After the Estate tasting,we enjoyed the BBQ and listened to Billy Clement and The Pickups. Billy Clements and his Pickups returned us to the 1950s, and we heard classic tunes by Elvis Presley, Johnny Cash, and Buddy Holly. Paul stopped himself from wildy dancing the watusi while Billy serenaded us with these rock classics. With our BBQ lunch, we both decided to pair the BBQ with the 2002 Estate Norton. The raspberry flavors and rustic characteristics of the Norton paired quite nicely with the BBQ; the slight sweetness accompanied the smoky flavors that dominate BBQ, Warren is not a huge fan of Norton, but he had to admit that the Norton was the perfect partner for the barbequed brisket, sausage, and ribs. Paul really enjoyed the Norton enough to have two glasses and even bought a bottle of the 2002 Norton to bring home. Warren opted to have a glass of Chardonnay after lunch, and we both enjoyed the rock-a-billy sounds of Billy Clement and the Pickups.


Ultimately, we decided to taste the Reseve wines. This tasting included all the wines we sampled in the Estate tasting as well as the Reserve wines; some Reserve wines were produced from grapes grown on other properties. The Lockseley-grown wines were featured, and we sampled the Lockseley Norton along with the Petit Verdot and the lovely Albarino, a white wine that will receive special attention in our feature article. Please indulge and taste these wines; Petit Verdot is fast becoming another Virginia specialty. Petit Verdot is used in France to blend their world-famous Bordeauxs, but Petit Verdot on its own can produce an excellent, medium-bodied wine that will conjure dreams of roasted leg of lamb or even veal chops.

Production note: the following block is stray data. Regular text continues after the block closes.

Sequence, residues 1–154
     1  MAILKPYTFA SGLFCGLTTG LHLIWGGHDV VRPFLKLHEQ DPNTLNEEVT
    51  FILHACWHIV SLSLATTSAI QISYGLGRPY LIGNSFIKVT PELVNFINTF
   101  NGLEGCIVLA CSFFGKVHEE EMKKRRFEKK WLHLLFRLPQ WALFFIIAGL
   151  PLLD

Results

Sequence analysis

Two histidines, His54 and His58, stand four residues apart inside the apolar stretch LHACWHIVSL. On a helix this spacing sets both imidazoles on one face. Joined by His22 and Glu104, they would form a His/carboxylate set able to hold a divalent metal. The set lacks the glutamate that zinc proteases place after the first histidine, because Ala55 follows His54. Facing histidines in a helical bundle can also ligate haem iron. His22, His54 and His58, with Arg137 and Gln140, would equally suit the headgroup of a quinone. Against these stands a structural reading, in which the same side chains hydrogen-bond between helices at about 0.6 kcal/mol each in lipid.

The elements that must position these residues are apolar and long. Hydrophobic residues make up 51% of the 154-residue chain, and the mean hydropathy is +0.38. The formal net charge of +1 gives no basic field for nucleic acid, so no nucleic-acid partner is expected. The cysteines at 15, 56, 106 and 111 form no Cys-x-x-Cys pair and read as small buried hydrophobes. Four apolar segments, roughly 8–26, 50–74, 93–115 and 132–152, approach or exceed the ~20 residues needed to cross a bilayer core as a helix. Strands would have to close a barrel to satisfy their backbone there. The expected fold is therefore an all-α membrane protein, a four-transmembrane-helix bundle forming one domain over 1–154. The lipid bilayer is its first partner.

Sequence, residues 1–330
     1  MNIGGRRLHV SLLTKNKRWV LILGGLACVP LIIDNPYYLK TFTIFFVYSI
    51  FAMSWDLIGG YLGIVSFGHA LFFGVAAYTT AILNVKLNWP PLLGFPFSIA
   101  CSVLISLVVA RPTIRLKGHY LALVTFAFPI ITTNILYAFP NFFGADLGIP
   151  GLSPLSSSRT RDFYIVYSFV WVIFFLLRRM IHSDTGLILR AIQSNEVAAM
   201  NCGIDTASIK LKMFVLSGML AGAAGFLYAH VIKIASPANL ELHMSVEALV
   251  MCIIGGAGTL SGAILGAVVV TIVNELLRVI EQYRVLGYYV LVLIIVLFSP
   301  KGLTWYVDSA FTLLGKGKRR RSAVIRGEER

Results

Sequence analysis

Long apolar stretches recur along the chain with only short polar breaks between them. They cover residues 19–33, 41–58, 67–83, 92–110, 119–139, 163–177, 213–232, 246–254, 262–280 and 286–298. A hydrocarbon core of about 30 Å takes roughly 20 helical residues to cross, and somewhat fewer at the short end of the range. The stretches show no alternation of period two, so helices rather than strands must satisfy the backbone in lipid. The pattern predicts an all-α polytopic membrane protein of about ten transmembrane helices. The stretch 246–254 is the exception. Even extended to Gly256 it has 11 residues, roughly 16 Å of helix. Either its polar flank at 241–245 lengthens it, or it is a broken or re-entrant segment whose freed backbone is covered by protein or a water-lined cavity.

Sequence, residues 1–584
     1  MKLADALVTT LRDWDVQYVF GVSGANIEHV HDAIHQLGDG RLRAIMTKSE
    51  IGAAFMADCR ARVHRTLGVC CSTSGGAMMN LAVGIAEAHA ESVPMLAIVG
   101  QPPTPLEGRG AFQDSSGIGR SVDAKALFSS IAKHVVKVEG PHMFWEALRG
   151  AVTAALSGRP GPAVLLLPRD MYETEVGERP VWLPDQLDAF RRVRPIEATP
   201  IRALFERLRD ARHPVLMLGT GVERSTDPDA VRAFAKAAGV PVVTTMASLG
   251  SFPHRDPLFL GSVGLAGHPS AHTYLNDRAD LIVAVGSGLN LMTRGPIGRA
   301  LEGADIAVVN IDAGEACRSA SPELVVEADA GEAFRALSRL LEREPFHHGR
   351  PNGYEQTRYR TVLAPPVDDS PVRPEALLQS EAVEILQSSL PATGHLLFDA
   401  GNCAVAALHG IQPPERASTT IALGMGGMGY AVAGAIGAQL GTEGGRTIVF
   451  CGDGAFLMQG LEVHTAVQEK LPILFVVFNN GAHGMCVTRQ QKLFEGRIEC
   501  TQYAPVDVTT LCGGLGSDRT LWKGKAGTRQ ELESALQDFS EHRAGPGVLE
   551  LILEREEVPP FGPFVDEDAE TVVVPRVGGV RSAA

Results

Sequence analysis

Chrysalis’ Wine and Swine was well attended, and we encourage our readers to take advantage of winery events whenever possible. At these events, a full tasting of wines will be offered, and foods served will give even the food and wine pairing novice an idea of how to pair food and wines. If that’s not enough to entice, then at least attend with family/friends to enjoy a lovely late spring afternoon with nice wine and food. You won’t regret the experience.

Pearmund Cellars

On Saturday we opted to miss Vintage Virginia and visit Pearmund Cellars. We have been to Pearmund before but not since the new Passport To Virginia Wineries 2006 book came out. So we decided to pack a lunch, do a tasting and get the sticker for our books.

Since our last visit their tasting menu has changed and some new wines have been released. Among the wines on the tasting list were their new 2005 Riesling and the 2004 Lisa’s Merlot. All of their wines were tasty and lived up to the tasting notes.

For lunch we decided on the 2004 Viognier. As it warmed up in the sun we enjoyed tropical fruity taste more and more. We enjoyed the viognier with ham sandwiches, cheeses and crackers, and almonds. During our lunch the winery dog visited us several times to check out what we were having. He’s such a sweet dog.

Before leaving Pearmund we decided to make some purchases. Paul bought the 2004 Lisa’s Merlot and Warren left with a 2004 Lisa’s Merlot and a bottle of the 2005 Riesling. Both selections are excellent additions to our collections.

Gray Ghost Vidal Blanc

On Memorial Day we went to the Bishop’s Garden at the National Cathedral. While we weren’t visiting a Virginia winery, we were enjoying a Virginia wine. With us we brought a 2005 Vidal Blanc from Gray Ghost.

The Vidal Blanc has a clear, pale yellow complexion; it possesses citrus and pear aromas. On the palate, citrus and melon flavors prevail with subtle hints of peach. It has a tart, crisp finish—somewhat sweet, but not overwhelmingly so. This Vidal Blanc has already won numerous awards including Best in Class at the 2006 LA County Fair International Wine Competition, and it is destined to be a crowd pleaser this summer. It’s a lovely appertif and pairs nicely with spicy mango salsa; other spicy dishes would also be complementary. Feel adventurous and dare to pair this one with blue cheese!

On this particularly warm day, the Vidal Blanc was a perfect companion for our picnic. Fresh mango, strawberries, and light cheeses matched quite well; spicy ham sandwiches on baguettes seasoned with olive oil, cracked pepper, and Italian herbs likewise paired very well. A special mention of the buttery-soft St. Andre cheese should be made; this cheese is a delight, and we brought it along to enjoy with the fruit and wine. On this warm afternoon, the Gray Ghost 2005 Vidal Blanc was cool, crisp and refreshing.